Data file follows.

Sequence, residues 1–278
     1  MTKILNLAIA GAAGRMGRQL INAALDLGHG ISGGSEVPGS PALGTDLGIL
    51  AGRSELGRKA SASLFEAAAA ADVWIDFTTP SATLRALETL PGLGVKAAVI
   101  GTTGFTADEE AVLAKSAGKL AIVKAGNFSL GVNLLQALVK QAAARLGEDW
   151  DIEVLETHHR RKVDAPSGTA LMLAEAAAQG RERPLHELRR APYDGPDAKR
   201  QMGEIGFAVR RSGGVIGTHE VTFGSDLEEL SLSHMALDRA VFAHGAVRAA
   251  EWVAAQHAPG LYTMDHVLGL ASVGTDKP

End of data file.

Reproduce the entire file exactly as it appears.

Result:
Sequence, residues 1–278
     1  MTKILNLAIA GAAGRMGRQL INAALDLGHG ISGGSEVPGS PALGTDLGIL
    51  AGRSELGRKA SASLFEAAAA ADVWIDFTTP SATLRALETL PGLGVKAAVI
   101  GTTGFTADEE AVLAKSAGKL AIVKAGNFSL GVNLLQALVK QAAARLGEDW
   151  DIEVLETHHR RKVDAPSGTA LMLAEAAAQG RERPLHELRR APYDGPDAKR
   201  QMGEIGFAVR RSGGVIGTHE VTFGSDLEEL SLSHMALDRA VFAHGAVRAA
   251  EWVAAQHAPG LYTMDHVLGL ASVGTDKP